Saturday, March 8, 2014

Opera to polka

I am sitting here listening to Olivia singing to Dan, the pair of them making up songs. What Dan lacks in musical ability, he makes up for with enthusiasm and humor. Today, I am living in the midst of a comedic opera or Broadway musical, written by two children.  Dan may be 46 1/2 (as the current song lyrics proclaim) but he certainly has a young heart.  They both just make me laugh.

We are singing in our house this morning, because the pathology on Brent's lymph nodes came back clean yesterday.   He will do a year of chemo, but we do not have to figure out a solution for the radiation recommendation that further node involvement would have brought.  So, we celebrate, joyfully.

It has been a long, and rough couple of weeks. 

Last weekend, the day after Brent was discharged, we helped celebrate the life of Dan's grandfather, who had died. I was anxious when we last visited him in hospice. I worried about how the kids would deal with this loss.  The added layer of uncertainty with Brent's most recent diagnosis made this even more complicated.  In my own mind, at least.

The short of it is this:  Alex and Lauren got up to read at the service.  Brent, despite having a four hour surgery on Friday, participated with Olivia and his cousin Evan, bringing up the gifts in church.  There was sunshine the day we buried him, even if it was bitterly cold.  I have thought a lot about 'Pa.' naturally.

One of the many things that really spoke to me about his life was this:  When he was born in 1923, he weighed only two pounds and 11 ounces.  They put him in a shoebox and told his mother to take him home and enjoy him as long as she could, which was not supposed to be long.  They kept hot water bottles with him, and he went on to live... to marry, to see his children and grandchildren marry.  He even saw some of his great-grandchildren enter high school.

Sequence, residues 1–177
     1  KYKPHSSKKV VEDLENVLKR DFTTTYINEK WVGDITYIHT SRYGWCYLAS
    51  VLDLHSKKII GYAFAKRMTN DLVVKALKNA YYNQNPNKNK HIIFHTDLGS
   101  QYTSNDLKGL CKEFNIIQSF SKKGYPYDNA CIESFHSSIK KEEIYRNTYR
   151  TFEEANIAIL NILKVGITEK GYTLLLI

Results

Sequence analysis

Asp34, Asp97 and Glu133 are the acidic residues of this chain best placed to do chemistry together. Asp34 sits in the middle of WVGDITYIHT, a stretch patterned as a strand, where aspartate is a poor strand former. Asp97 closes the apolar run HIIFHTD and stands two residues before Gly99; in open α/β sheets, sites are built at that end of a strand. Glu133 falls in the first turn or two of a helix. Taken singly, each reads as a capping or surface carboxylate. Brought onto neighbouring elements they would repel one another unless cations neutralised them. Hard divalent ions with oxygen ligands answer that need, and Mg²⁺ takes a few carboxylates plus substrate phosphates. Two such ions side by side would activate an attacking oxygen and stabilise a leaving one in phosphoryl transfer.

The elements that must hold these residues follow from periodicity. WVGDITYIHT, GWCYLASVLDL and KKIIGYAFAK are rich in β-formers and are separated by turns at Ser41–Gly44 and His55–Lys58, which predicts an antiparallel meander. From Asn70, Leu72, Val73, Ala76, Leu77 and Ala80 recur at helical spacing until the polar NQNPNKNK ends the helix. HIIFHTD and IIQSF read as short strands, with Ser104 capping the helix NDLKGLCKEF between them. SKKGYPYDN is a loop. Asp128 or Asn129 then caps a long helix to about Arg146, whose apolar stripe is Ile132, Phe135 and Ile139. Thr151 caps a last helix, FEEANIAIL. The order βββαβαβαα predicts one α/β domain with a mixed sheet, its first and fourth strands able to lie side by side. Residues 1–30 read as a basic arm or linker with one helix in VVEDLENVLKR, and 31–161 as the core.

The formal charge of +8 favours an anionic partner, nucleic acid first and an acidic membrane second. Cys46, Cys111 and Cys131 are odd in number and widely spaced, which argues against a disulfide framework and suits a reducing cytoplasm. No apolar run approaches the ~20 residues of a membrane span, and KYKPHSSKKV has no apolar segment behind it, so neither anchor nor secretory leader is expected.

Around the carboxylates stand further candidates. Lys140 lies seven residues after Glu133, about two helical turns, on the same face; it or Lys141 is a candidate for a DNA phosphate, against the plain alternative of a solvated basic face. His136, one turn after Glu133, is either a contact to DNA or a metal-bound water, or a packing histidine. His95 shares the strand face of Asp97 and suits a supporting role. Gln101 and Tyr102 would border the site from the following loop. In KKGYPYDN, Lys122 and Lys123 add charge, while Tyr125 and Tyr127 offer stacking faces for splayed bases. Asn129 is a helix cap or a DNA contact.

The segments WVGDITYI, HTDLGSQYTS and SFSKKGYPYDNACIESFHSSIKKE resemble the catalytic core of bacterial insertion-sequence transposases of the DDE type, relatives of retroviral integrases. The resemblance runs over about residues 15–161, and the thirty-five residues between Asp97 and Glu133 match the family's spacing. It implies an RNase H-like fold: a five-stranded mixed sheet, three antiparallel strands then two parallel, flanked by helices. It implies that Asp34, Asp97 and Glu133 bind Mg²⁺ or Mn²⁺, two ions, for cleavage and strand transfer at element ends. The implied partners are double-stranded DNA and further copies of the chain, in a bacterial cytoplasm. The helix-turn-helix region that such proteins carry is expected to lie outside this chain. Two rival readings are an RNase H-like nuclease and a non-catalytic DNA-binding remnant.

I would love to see the Vegas odds on a baby, born at less than 3 pounds, living to the age of 90, even with today's technology. I wish I could have placed a small wager on 'Pa.' 

And while Pa's mother certainly must have worried in the cold of that November, and surely she had moments of despair, she eventually saw him grow up, marry, laugh, and famously play the accordion.  This is a favorite polka, from a man who took enormous delight in the company of others:

In Heaven there is no beer
That's why we drink it here (Right Here!)
When we're gone from here,
all our friends will be drinking all our beer!

I smile, remembering my children's proud Croatian great-grandfather.  I think about his mother, who I never knew, and appreciate that without her struggle, I would be absent my most treasured blessings in the form of my husband and children. We never know how far the ripples of our actions travel. 

I am very grateful for the struggles of a woman that I never met.

And tonight, I will toast her son's memory with a polka and a beer.


1 comment:

  1. Have one of each for me, too. Thank you, Ann, that was beautiful and I'm sure Dad would have been quite honored by your words. Dad's mom, my grandmother was a very gentle, loving woman. I was fortunate to have her for 29 years.